It's All In your Head
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It’s all in Your Head
Your third eye, or ajna chakra, is believed to the doorway to your divine Self. Behind this point, in the middle of our head, resides our pineal gland, a tiny, pinecone-shaped gland that guides our connection with the rhythms of the earth. One of its functions is melatonin production, a hormone that regulates sleep. Enclosed in a filigreed bone structure, this tiny gland is clearly important and sacred. Our master gland, the pituitary, is also in this area of the head. It’s ironic, given that our thinking mind resides here as well, surrounding these tiny glands in a storm of activity and chaos. But perhaps it’s also apt, a reminder that beneath the thinking mind is an untouchable place of calm and sanctuary, a place that is more tied to the universe than to our body and mind. It’s a reminder that we are not our thinking mind, but instead a piece of the divine.
If you have discovered yoga nidra, you already know how powerful it is to go beyond the body and mind to that place where our soul, or atman, resides. In the Amrit style of yoga nidra, there is a lot of emphasis on the third eye, or doorway to this place. In Satyananda Saraswati’s yoga nidra method, more focus is placed at heart center, where our individualized soul and chitta, or memories that we carry with us from lifetime to lifetime, resides. Our heart chakra is a powerful place, the connection to the earth (lower three chakras) and our connection to the spiritual universe (upper three chakras) meet. See what resonates best with you, knowing that both methods are focused on helping your drop into that space where your soul resides and from which you can connect to the source.
In our meditations this month, we will be following the Amrit tradition, taking our awareness to eyebrow center and visualizing a place of sanctuary. Your sacred place may be in nature, like the image for this theme’s page, or perhaps a room or place of your design. This powerful visualization is helpful whenever you need to draw inward, finding strength and calm. We’ll mix it up a bit with our daily morning ritual below, where we will focus at heart center.
You can start this month by setting an intention to do the following:
Take 3-5 minutes each morning to sit, breathe and move before you start the day.
- Sit on the floor or your mat with your eyes closed.
- First, simply notice your breath. Let yourself settle into your breath, becoming absorbed in the sound and movement.
- Next, bring your awareness to heart center, visualizing radiant light and calm at its core.
- With each inhale, feel breath entering through the crown of your head, fingers and toes, as though you are a five-pointed star, travelling to your heart center.
- With each exhale, let go of anxiety, fear and apprehension as your breath travels from heart center back out each point in the star: head, fingers and toes.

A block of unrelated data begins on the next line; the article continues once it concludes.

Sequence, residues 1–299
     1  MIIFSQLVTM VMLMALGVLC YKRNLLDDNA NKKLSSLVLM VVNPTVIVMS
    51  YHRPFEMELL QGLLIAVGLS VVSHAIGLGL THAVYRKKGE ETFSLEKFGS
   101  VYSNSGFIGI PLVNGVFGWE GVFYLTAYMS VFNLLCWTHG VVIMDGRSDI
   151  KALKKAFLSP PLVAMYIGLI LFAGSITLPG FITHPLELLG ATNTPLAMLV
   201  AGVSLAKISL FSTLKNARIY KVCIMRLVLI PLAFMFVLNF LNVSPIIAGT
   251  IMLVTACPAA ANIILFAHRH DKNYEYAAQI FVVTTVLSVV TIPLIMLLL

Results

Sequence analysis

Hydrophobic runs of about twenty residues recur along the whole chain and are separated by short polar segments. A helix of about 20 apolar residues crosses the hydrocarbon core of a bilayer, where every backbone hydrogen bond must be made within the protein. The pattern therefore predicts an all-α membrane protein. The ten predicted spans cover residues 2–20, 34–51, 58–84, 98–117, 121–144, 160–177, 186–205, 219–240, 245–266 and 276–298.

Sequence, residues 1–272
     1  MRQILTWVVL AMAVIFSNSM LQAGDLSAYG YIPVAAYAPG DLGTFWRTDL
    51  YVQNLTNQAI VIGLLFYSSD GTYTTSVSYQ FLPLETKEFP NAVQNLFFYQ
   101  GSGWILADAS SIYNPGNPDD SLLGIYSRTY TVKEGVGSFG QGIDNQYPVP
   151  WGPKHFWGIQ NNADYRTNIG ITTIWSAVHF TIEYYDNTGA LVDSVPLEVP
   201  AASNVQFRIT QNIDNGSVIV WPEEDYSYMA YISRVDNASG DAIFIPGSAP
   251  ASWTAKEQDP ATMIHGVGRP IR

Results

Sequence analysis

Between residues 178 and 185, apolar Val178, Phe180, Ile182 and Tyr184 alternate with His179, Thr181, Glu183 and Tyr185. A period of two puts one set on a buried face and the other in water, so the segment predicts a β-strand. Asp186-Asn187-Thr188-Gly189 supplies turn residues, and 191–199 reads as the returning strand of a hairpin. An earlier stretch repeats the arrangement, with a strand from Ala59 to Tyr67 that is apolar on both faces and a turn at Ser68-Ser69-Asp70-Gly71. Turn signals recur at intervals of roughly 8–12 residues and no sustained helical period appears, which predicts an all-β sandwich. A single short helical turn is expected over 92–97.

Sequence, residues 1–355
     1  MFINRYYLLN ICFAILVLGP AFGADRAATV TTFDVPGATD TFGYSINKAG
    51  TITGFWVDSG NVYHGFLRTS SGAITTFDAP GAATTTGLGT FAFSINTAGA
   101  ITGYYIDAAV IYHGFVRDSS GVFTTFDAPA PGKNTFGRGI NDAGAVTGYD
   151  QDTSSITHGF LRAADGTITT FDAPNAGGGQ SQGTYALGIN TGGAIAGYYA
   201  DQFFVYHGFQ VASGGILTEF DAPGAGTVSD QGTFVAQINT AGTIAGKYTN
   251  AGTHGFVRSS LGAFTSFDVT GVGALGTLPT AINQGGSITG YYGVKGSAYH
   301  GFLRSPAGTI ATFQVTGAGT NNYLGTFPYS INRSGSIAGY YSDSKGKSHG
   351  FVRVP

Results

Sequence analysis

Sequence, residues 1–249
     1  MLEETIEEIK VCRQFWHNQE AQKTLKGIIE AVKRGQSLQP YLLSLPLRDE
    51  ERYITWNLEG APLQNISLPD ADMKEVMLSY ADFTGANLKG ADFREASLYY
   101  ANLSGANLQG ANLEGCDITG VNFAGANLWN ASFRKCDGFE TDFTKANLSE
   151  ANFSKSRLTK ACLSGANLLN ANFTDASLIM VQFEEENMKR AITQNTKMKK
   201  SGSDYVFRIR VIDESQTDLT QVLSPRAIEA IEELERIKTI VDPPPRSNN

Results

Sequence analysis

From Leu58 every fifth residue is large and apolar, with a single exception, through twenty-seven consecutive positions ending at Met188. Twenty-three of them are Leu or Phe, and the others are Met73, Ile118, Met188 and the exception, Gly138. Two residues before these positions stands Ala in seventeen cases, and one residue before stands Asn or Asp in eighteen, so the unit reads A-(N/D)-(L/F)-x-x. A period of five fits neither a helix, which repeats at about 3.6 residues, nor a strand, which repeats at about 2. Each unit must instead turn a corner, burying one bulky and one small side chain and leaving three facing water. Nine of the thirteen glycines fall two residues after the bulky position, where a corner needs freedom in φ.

- Feel yourself becoming more radiant and spacious with each breath, elementally connected to, and a part of, the universe. Feel that place at heart center as divine.
Listen to your short yoga nidra recording every other day
Listen to one of your traditional yoga nidra recordings once a week
You will likely be doing other wonderful yoga related work – going to studio classes, doing the home asana practices, reading the blog posts – but let the list above be your minimum baseline.
This is your daily yoga nidra meditation, “It’s all in Your Head” (20 minutes). This meditation helps you create a sacred space in the middle of your head.
This is your weekly yoga nidra meditation for the theme “It’s all in Your Head” (26.5 minutes). This meditation helps you find that place of calm at eyebrow center, creating a personal sanctuary there. Get comfy and enjoy!!
Reminder: Any poses or breath techniques I cue in an asana practice are merely suggestions. Your body and your doctor know more than I do, so only do what makes sense and is recommended for you. If you ever feel numbness or pain in a pose, discontinue the pose.
Your “It’s all in Your Head” asana practice focuses on calming your third eye, while also warming up the muscles within the body. This practice is 23 minutes long and is intended to ready the body for yoga nidra meditation. Note: during the sphynx and seal poses, if you feel like you need a gentler pose, cross your forearms in front of your body and simply rest your forehead on the backs of your hands.
Props: Mat, eye pillow & either two blocks, or two large books. Have a blanket and bolster ready if you will be meditating after the practice.
Nurture your eyebrow center, or ajna chakra, by putting a warmed, lavender-scented eyepillow across your forehead, simply allowing yourself to relax and follow the ebb and flow of your breath. If you prefer, put a dab of lavender essential oil on your third eye. The lavender scent is very relaxing for body, mind and spirit. Bring your awareness to eyebrow center, simply noticing any patterns, colors or images that arise. Relax your forehead and face, allowing yourself to simply be.
Lavender as an aid in helping calm anxiety: https://www.verywellmind.com/lavender-for-less-anxiety-3571767